It's Your Moment, Enjoy It- a solo exhibition by Zhang Miao
2018.10.17 - 2018.11.18
Artist: Zhang Miao
It's Your Moment, Enjoy It- a solo exhibition by Zhang Miao

Fundamentally additive, Zhang Miao accepts contradictions and intentionally reintroduces elements and mediums that run counter to modernist taste. Compelled by Robert Venturi’s views on architecture, he embraces a complex, heterogenous art. To look at his work is to sense the contradictions he has fused; flat yet immersive, rational yet decorative, colorful yet sculptural, theatrical yet each work self-reliant. Various mediums are combined indiscriminately and then re-differentiated. The result is further combined and scrutinized again until concrete categories are dissolved and new insight is generated, releasing the art making process from the structure of medium until it verges on character creation.

“There is a difference between knowing the path and walking the path”, said Morpheus in the Matrix. Making art may generate the art of making art. Zhang Miao coins the term “Making” for himself to represent the alchemy of studio practice. He once designed a set of diagrams illustrating the history of architecture with structures from the animal world. Animal habitats are ingenious, unique in every case and aspect, originality, appearance, craft, material, and principle. All these designs nevertheless fall under the single concept of building no matter how elaborate they are. The hermit crabs is an exception because its shell comes from another system, is repurposed. The hermit crab’s vision is free from the past. Art making must break away from established knowledge. For him good or bad, the quality of an artwork is pre-determined by  this measure.

Architecture has two realms of existence: in reality and on paper. Zhang Miao learns from architectural drawing, he begins by flattening out his perception and cognition. Admittedly, reducing the dimensions to two means subtraction, but by opening up a field of associations it becomes a method of addition. Compare this to the barrage of real-time commentary from audiences suspended above an online video. The fun is to compete for the most far-out perspective, in other words, never address the issue but make outrageous associations from it. Is this not also a form of seeing freely? Our modernist pioneers may roll in their graves at such a twisting of their words. As the artist put his mediums in quotation marks, the flattened paintings and sculptures become stage props. Props have no qualities beyond the roles they are assigned; now painting and sculpture like parts can be assembled freely in whatever way desired. Art making, however, is like playing a game, there must be rules to follow for it to be fun. Paradoxically, to discard the essence of medium may be the way to reserve its binding force.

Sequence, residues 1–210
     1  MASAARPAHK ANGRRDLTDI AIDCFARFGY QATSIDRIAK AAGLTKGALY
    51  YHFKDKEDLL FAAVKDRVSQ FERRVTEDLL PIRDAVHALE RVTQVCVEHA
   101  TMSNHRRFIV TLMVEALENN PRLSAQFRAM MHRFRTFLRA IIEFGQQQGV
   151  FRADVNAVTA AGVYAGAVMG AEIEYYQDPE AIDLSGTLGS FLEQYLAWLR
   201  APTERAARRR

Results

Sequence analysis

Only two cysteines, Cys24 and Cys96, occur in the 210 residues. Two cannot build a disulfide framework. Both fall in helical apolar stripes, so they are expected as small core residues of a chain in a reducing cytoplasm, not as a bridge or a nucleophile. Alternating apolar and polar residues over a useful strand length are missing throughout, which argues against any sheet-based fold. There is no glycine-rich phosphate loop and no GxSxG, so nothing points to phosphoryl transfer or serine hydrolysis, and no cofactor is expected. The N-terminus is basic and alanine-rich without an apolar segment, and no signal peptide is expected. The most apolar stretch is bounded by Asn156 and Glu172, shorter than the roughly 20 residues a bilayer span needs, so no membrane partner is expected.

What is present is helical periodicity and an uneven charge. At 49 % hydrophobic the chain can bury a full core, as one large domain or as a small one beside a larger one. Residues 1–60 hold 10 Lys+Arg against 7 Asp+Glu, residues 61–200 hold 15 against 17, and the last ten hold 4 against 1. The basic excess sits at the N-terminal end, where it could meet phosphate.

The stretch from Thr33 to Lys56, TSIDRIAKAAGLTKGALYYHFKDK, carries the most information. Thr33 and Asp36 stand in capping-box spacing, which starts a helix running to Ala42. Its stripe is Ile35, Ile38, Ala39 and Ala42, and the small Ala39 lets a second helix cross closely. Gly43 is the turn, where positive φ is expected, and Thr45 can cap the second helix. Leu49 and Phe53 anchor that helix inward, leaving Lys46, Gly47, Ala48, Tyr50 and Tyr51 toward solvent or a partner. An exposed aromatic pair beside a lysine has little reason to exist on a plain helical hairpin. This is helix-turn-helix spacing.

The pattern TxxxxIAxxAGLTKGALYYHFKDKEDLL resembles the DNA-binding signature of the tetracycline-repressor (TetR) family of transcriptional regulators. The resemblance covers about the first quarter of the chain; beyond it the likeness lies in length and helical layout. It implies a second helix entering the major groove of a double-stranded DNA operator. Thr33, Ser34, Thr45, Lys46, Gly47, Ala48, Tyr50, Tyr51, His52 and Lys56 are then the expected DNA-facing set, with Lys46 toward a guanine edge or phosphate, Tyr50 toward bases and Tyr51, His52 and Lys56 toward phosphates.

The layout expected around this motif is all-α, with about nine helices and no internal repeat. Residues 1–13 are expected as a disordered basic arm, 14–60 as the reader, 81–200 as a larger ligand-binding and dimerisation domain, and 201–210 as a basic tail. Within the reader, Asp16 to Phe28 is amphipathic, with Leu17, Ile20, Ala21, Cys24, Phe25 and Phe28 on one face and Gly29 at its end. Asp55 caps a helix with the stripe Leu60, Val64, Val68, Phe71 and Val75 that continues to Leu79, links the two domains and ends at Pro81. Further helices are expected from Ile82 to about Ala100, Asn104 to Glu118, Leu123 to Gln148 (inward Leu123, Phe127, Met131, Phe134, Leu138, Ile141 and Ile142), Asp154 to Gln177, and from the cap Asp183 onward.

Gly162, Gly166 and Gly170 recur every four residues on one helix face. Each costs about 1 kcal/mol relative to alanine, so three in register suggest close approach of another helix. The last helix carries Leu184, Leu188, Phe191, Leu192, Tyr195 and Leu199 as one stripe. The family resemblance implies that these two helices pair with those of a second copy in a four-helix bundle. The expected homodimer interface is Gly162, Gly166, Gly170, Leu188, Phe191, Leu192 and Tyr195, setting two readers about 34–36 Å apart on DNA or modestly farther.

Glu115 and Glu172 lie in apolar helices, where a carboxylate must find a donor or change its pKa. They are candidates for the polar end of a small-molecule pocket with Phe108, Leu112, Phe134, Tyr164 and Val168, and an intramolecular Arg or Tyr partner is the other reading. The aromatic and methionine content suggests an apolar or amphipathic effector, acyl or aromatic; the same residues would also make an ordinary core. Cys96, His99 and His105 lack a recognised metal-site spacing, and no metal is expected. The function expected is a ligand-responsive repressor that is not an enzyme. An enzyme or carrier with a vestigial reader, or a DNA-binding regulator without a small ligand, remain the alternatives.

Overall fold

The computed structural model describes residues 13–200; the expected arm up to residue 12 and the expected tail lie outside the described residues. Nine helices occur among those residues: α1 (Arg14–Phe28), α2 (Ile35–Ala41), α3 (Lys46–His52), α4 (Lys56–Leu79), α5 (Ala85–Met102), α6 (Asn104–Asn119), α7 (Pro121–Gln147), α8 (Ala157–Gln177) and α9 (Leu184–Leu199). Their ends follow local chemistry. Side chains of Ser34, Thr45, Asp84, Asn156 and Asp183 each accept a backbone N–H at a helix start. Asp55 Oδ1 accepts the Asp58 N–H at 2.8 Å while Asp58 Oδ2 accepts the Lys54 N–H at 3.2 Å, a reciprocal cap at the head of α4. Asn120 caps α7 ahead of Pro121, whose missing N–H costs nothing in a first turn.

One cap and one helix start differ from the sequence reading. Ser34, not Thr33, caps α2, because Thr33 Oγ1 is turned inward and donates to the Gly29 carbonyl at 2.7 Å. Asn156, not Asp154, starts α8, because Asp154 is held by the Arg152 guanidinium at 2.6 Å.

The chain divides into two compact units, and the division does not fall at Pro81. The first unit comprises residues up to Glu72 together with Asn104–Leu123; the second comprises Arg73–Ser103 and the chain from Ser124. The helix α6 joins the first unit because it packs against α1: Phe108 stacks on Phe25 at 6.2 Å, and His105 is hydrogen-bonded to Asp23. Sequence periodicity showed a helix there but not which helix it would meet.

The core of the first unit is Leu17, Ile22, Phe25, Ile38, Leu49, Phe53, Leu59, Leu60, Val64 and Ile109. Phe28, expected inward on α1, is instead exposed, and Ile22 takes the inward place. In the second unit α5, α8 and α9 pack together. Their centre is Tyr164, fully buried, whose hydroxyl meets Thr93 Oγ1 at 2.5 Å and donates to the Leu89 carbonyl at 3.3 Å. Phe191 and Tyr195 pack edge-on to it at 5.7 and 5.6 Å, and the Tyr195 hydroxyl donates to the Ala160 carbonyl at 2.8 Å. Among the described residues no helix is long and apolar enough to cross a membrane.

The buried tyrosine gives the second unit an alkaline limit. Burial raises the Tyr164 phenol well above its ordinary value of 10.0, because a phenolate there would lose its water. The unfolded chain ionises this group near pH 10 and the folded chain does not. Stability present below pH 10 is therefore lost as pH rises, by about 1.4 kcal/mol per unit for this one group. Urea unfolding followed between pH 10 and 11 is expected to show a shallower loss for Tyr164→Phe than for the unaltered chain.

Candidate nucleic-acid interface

For Zhang Miao, the exhibition title always precedes a project, an entire visual scene is complete in his head before he begins working. His own exceptional creativity as an artist however is held in check, as he has extremely rigorous standards for dos and don’ts. Like a detective tracking down a suspect, he lays out on the wall of his studio a route map of works and thoughts, interrogating artists in the past, masters of modern history that he admires. To be an artist, one has to first stop parroting and avoid the binary logic of “either-or”. To say “no” to, is not to negate or reject, quite the contrary, Zhang Miao says, to say “no” is to take. What he really wants to create in art making is freedom within the mind. The art he aspires to is formless and outside of an artwork.

The exhibition space is a “shack” designed by Zhang Miao, intending to show the invisible connection between the works. Art is a building without a door— he adopts this conviction from another architect, John Hejduk, quite the opposite of Venturi’s inclusiveness. If a visitor, according to Hejduk, cannot find the door to his building, it means he or she is not yet permitted to enter. By now one cannot deny the effective relationship produced by participatory works of art on viewers, but just as Hajduk did not believe that architecture can offer an once-and-for-all solution to human existence, Zhang Miao has little faith in interactive effects alone to advance thinking. Instead of trying to immerse the viewer, he chooses to remind them of the gap, by placing a fictitious gesture (resulting in a loud clang) in the exhibition. Like the MacGuffin a film director uses to drive a plot, it plays a role, but does not try to substitute for the content of the work.